Overcoming H-1B Challenges – Obtaining a Certified Labor Condition Application (LCA)

The most common H work visa is the H-1B which is for “specialty occupations.” One of the requirements for H-1B petitions is to first obtain a certified Labor Condition Application (LCA) from the U.S. Department of Labor (DOL). The LCA is not to be confused with the Permanent Labor Certification which is part of the employment-based permanent residence process referred to as PERM.

The LCA is a document that a prospective H-1B employer files with DOL when it seeks to employ nonimmigrant workers at a specific job occupation in an area of intended employment for not more than three years. In this document, the employer attests to standards to which it will adhere for purposes of the H-1B employment. The LCA must be certified by the authorized DOL official before it can be used. DOL must review the LCA for completeness and either certify or deny it within seven working days of receipt. This means that an employer cannot file the H-1B petition for at least seven working days, until the LCA is certified.

It is important to understand that the LCA and related postings are not intended for recruitment purposes, unlike the Labor Certification/PERM process.  Instead, by signing and submitting a completed LCA, the employer affirms that:

  • The noncitizen’s employment will not adversely affect the wages and working conditions of workers similarly employed in the area of intended employment.
  • The employer will pay the noncitizen the higher of the actual wage or the prevailing wage for the occupational classification in the area of intended employment.  In order to determine the required minimum wage, the employer must first select an occupational classification from the Department of Labor’s Dictionary of Occupational Titles (DOT).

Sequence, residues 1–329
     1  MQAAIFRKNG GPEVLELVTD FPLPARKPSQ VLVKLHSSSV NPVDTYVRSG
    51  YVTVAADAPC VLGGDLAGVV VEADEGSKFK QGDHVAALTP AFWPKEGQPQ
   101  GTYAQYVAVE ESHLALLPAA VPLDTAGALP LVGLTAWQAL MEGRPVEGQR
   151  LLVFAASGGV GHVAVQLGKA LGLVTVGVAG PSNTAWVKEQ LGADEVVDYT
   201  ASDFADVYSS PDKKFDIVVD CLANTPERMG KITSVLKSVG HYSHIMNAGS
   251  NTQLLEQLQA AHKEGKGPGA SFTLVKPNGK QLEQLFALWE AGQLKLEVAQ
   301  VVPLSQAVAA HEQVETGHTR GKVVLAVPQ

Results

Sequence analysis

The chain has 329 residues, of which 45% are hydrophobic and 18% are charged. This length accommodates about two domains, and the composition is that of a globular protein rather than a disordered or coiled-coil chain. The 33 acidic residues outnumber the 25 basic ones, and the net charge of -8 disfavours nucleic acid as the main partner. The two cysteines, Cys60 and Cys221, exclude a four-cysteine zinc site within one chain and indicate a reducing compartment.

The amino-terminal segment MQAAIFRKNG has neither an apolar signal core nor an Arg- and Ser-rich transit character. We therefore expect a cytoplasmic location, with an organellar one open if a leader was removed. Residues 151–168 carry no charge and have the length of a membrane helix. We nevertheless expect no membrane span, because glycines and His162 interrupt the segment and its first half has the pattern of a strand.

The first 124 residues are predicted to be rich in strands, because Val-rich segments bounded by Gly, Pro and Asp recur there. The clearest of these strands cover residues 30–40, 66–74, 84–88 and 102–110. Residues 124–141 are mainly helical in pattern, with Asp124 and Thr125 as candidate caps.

• The employer will notify other employees that an LCA is being filed, by making required postings for ten consecutive business days, or by notifying the collective bargaining representative for the position, if the position is unionized.  Employers should note that all locations where the employee will work must be listed on the Labor Condition Applications (LCA) filed with the U.S. Department of Labor and the required notice must be posted at each such location.
  • At the time the application is signed, there is no strike, lockout, or work stoppage related to a labor dispute in the occupation.

If at all possible, employers who wish to file a cap-subject H-1B petition on April 1 should file the LCA much earlier than seven days before that date. DOL systems sometimes do not recognize an employer’s FEIN. That can happen if the employer’s business was recently founded or if it recently changed its FEIN.  It could also happen if the company has never before filed any applications with DOL.  If DOL does not recognize your company’s FEIN, you will not be able to submit the LCA. Rather, the system will flag the FEIN entry as an error and will continue to do until DOL systems recognize that FEIN.  This problem can be overcome by sending an official document that contains the company’s FEIN to the DOL’s LCA Business Verification Team. Verification typically takes several days, but it could also be more time consuming, especially during the H-1B season, prior to April 1.

Notably, the LCA will not be accepted by DOL more than six months before the beginning date of employment. This is a critical consideration when dealing with cap-subject petitions to be filed on April 1 for an October 1 start date.

With the H-1B season upon us, employers must act quickly to decide if they wish to sponsor any employees for H-1B, and to file an LCA timely and correctly. Therefore, it is important to consult with an experienced immigration lawyer to determine if a particular job opportunity qualifies for an H-1B.

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